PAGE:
News Briefs – February 1, 2016


Pentagon tells Senate it won’t demote retired Petraeus

The Pentagon says it will not demote retired Army Gen. David Petraeus, who pleaded guilty to a misdemeanor charge of mishandling classified information while CIA director, an incident stemming from an affair with his biographer.
“The Army completed its review of his case and recommended no additional action,” Stephen C. Hedger, assistant defense secretary for legislative affairs, wrote the Senate Armed Services Committee Jan. 29. Given that review, Hedger said Defense Secretary Ash Carter “considers this matter closed.”
The Associated Press obtained a copy of the letter Saturday. The Pentagon had no further comment.
Media reports had surfaced that indicated the Pentagon was considering downgrading Petraeus to a three-star general. Such a move, if taken, would have reduced his retirement salary.
In response, committee leaders urged Carter not to demote Petraeus, saying the retired officer had “admitted his guilt and apologized for his actions.”
At a committee hearing on Jan. 21, President Barack Obama’s nominee to be the Army’s top civilian official said he believed no further action should be taken against Petraeus.
Petraeus resigned from the CIA in November 2012 after an extramarital affair with biographer Paula Broadwell. He pleaded guilty last year to a misdemeanor count of unlawful removal and retention of classified materials. He was spared prison as part of his plea and was given two years’ probation by a judge who faulted him for a “serious lapse in judgment.”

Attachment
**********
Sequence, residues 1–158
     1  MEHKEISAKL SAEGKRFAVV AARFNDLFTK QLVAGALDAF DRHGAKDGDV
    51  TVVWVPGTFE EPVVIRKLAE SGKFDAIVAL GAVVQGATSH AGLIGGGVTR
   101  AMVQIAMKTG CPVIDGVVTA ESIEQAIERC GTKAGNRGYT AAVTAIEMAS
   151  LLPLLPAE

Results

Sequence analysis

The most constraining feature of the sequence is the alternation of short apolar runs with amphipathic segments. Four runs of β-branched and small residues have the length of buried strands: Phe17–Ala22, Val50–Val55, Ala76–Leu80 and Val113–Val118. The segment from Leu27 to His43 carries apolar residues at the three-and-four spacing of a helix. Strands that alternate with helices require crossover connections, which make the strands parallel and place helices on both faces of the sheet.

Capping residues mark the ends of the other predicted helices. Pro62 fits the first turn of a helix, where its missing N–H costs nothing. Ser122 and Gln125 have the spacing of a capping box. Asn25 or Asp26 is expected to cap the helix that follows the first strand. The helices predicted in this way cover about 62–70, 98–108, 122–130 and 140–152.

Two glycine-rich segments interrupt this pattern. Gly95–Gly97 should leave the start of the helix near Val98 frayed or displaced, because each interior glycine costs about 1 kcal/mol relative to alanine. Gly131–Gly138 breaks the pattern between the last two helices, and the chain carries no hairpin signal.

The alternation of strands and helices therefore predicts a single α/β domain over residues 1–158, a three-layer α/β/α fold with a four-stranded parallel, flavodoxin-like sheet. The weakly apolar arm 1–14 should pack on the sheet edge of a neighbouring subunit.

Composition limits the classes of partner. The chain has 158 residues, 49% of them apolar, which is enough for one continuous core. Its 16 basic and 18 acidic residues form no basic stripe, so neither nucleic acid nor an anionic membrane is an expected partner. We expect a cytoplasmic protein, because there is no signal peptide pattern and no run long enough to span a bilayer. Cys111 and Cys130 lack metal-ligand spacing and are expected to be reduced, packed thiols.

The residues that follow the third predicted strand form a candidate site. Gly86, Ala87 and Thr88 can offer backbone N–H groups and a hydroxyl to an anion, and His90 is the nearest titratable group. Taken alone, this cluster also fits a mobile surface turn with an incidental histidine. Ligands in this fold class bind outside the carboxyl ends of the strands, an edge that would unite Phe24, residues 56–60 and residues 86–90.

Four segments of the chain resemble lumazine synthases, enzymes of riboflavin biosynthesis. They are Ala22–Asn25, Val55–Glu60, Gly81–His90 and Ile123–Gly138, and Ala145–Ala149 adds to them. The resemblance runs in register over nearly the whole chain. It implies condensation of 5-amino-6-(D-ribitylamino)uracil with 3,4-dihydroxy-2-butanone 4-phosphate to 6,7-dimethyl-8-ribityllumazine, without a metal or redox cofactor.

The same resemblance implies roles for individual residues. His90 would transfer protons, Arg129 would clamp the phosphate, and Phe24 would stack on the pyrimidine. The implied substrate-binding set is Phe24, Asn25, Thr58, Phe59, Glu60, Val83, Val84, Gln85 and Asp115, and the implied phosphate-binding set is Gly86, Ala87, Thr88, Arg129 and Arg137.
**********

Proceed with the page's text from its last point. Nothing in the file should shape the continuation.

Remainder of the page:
Petraeus admitted that he loaned Broadwell eight binders containing highly classified information regarding war strategy, intelligence capabilities and identities of covert officers. Petraeus kept the binders in an unlocked desk drawer at his home, instead of a secure facility that’s required for handling classified material.
When initially questioned by the FBI, he denied having given Broadwell classified information, but in his plea deal he avoided being charged with making a false statement. AP

Turkey says another Russian jet violated Turkey’s airspace

Turkey said Jan. 30 that a Russian warplane has again violated its airspace despite several warnings — two months after Turkey’s military shot down a Russian jet for crossing over its territory. The past incident seriously strained the previously close ties between the two countries, damaging a strong economic partnership.
A Foreign Ministry statement Jan. 30 said that a Russian SU-34 crossed into Turkish airspace from Syria on Friday, ignoring several warnings that were delivered both in Russian and in English by Turkish radar units. It said Ankara summoned the Russian ambassador to the ministry Friday evening to “strongly protest” the violation.
“This violation is a concrete indication of Russian’s acts aiming to escalate problems, despite the clear warning by our country and by NATO,” the statement read. “We openly and clearly call on Russia to act responsibly so that the Turkish air space, which is a NATO airspace, is not violated.”
“We emphasize once again the fact that Russia will be held responsible for any dire consequences which can emerge from such irresponsible acts,” the statement said.
In November Turkey shot down a Russian plane which violated its airspace near Syria, touching off a crisis between the two countries.